Inequality across countries in energy intensities: An analysis of the role of energy transformation and final energy consumption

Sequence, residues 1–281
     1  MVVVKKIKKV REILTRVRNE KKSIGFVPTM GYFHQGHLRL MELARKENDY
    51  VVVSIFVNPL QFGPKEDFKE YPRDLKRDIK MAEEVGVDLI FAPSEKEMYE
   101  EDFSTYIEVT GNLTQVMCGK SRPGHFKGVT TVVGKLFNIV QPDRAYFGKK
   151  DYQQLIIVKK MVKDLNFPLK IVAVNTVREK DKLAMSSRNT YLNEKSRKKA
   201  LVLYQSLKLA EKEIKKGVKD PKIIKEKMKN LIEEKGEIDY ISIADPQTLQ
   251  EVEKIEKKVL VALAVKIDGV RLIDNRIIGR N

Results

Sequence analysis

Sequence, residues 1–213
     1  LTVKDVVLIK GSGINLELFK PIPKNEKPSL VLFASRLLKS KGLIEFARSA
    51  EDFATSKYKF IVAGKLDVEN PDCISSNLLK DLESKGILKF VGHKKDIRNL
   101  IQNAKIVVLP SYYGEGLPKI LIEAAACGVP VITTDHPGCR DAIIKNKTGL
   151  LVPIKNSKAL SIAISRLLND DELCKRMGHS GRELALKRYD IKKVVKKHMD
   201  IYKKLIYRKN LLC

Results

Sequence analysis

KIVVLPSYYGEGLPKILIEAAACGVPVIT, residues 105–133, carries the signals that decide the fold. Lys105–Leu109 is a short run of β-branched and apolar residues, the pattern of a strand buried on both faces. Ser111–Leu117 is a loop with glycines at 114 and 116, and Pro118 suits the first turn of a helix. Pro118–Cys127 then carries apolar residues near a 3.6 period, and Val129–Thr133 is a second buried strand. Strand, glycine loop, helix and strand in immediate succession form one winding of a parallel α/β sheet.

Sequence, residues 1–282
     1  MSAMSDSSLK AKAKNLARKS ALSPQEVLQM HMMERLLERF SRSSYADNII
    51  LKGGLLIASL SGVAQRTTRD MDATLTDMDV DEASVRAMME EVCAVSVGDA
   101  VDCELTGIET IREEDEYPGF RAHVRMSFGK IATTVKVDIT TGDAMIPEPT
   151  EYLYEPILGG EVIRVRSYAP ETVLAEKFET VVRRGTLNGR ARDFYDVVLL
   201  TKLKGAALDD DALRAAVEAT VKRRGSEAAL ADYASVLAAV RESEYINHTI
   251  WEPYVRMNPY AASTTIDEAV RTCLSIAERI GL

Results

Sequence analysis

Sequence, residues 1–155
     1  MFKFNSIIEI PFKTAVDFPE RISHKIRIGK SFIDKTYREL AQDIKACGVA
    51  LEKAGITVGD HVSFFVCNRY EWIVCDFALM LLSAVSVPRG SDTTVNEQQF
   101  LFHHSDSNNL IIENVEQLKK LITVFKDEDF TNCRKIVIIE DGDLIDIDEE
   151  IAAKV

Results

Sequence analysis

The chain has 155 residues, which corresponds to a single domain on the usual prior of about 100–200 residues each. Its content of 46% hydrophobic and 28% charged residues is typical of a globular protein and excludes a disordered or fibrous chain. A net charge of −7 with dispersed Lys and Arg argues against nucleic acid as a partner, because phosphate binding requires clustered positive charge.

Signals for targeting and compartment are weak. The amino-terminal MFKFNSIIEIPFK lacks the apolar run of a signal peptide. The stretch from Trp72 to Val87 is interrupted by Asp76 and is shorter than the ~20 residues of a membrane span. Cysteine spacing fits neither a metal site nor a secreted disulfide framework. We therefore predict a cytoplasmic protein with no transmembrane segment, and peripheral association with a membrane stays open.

This paper analyzes the role of the energy transformation index and of final energy consumption per GDP unit in the disparities in energy intensity across countries. In that vein, we use a Theil decomposition approach to analyze global primary energy intensity inequality as well as inequality across different regions of the world and inequality within these regions. The paper first demonstrates the pre-eminence of divergence in final energy consumption per GDP unit in explaining global primary energy intensity inequality and its evolution during the 1971-2006 period. Secondly, it shows the lower (albeit non negligible) impact of the transformation index in global primary energy inequality. Thirdly, the relevance of regions as unit of analysis in studying cross-country energy intensity inequality and their explanatory factors is highlighted. And finally, how regions around the world differ as to the relevance of the energy transformation index in explaining primary energy intensity inequality.
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